A Foreigner in Brazil (02)
JAN 2005: Meetings
Experiences of a Dutchman living in Belo Horizonte, since December 2004, from month to month.
January 2005: Day trip to Santos Dumont (MG), match of soccer team Cruzeiro and surprising meetings.
Champagne to celebrate the first moments of 2005.
The New Year had been welcomed by fireworks and champagne. The New Year also made me add one more year to my age. In contrast to the three preceding years, I did not return to The Netherlands shortly after New Year. Instead, I managed to modify my day of return to the end of March. I got permission to stay in the house of Myra, until June if needed. I was no longer a tourist, but a possible migrant. January and the following months would be used to consider all available options for constructing my life in Brazil.
Alberto Santos Dumont / A miniature Eiffel Tower
In the second week of January, I joined the family to travel to the Santos Dumont, a small town at a few hours’ drive from Belo Horizonte. In this town the famous Brazilian aviation pioneer Alberto Santos Dumont was born, he was the first man who flew in a motorized aircraft in Europe. It is still debatable whether Alberto or the Wright brothers were the first in the world to fly a motorized aircraft. The Brazilians are convinced that their Alberto was the first. It was an interesting drive to this small town, to watch the mountainous countryside of Minas Gerais. The town itself has no real touristic sightings, except a monument that has been erected for their famous pioneer: Alberto’s aircraft circling around the Eiffel Tower.
Praça Sete, the Zero Point of Belo Horizonte
Usually I spent some time in the evening on the internet, to check my emails and to chat with some friends. One night I was online in the ICQ program, the program that started my contacts with Myra and other Brazilian friends. I was browsing from some time; the program provided some random names. It gave then a name of a person living in Belo Horizonte. We made contact and we chatted through the ICQ program. It was an interesting “conversation” for both of us and Jessica proposed to meet each other in the center of Belo Horizonte the following day. We met each other the next day; it was like we knew each other already much longer. Jessica suggested to visit her house in the south of the city, to meet her father and brother. I agreed. Jessica guided me to the bus en we entered. Coincidence or not, her father was already in the bus, I became acquainted with him. We continued our conversations during the one-hour bus ride to their apartment. There I was warmly received, there was even a little party going on. I met more friends of her. Her boyfriend was not there, but soon following this night I met him too.
Shopping Cidade, where I met Jessica for
the first time
That night, Jessica invited me to a birthday party, of her ex-boyfriend Alex. They were still good friends with each other. I invited another friend, Anita, to accompany me. I only had met her some weeks before. She had a car so I was not dependent on the bus in the late hours. At the birthday party, it turned out that Anita already knew Jessica’s father. For Anita and Jessica’s father it was the start of a long conversation, talking about each others families. At that party I was not the only one speaking poor Portuguese. That same morning a Uruguayan student had arrived for a brief internship at the university. This handsome, dark blonde Patricia fortunately spoke fluent English, and we started our conversation in English. Later we became good friends; she worked close to my department at the university.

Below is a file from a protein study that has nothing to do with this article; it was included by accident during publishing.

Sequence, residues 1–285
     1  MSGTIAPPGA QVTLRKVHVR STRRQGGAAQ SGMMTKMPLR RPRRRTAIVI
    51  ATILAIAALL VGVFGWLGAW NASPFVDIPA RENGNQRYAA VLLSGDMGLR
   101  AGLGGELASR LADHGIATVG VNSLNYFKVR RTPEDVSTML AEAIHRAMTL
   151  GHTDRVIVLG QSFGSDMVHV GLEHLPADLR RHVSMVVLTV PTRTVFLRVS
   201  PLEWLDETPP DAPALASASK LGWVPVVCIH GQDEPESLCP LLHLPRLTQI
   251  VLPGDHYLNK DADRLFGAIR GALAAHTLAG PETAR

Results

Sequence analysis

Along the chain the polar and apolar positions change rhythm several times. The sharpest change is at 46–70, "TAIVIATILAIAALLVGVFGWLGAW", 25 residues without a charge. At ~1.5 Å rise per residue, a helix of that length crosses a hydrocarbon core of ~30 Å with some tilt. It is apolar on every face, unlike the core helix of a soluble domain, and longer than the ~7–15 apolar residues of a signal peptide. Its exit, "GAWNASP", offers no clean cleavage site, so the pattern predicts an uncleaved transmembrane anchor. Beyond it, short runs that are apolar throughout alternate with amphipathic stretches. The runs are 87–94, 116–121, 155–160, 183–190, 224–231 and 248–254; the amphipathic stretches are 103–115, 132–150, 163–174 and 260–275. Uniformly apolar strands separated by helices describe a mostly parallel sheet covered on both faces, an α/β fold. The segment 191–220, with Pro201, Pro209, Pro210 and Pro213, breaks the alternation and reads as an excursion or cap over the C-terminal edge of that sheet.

On the way to the Biology faculty of the Federal
University, the UFMG
In the final week of January I had an appointment with a professor from the Department of Biochemistry. I had contacted Prof. Marcelo (you call the professors in Brazil with their first name!) one year before, and now I was invited to work at his department, to complete my thesis. The members of his group accepted me warmly, for them it was not common at all to have an European student in their group. I attended their meetings, even though I barely understood of what was being said. I enrolled for the course Basic Portuguese for Foreigners, and joined a group of English speakers from three U.S. regions, Canada, Scotland, Denmark, South Korea, South Africa, Australia and New Zealand. We all spoke English with sometimes totally different accents, but we had no trouble at all to understand each other. Our Portuguese teacher was a Brazilian student, studying English Language and Literature, but she was not able to communicate to us in English.
The Mineirão soccer stadium, adjacent to the university
In the final weekend of this month was invited by Frances and her boyfriend to attend a game of Cruzeiro, one of the two main soccer teams in the city. It was a match of the competition of the state of Minas Gerais. You do not need to be very excited about this competition, because the finals often are decided by the same two or three teams. Often the rival Atlético Mineiro and Cruzeiro play against each other for the title. The match I attended was the first of the state league and played against a weak opponent. The Mineirão stadium was less than half full. Nonetheless, there was a jubilant atmosphere amongst the Cruzeiro supporters, singing and encouraging their players loudly. Three months later, when Cruzeiro had to play against arch-rival Atlético, the atmosphere was more intense. The stadium was crowded; it even was shaking for a short while on its foundations when both Cruzeiro and Atlético supporters were pounding their feet on the concrete floor. A very peculiar experience!
The Cruzeiro emblem, on the soccer field, before
the start of the soccer match.
The route from Belo Horizonte to Santos Dumont, in the direction of Rio de Janeiro.
By Adriano Antoine Robbesom © 2007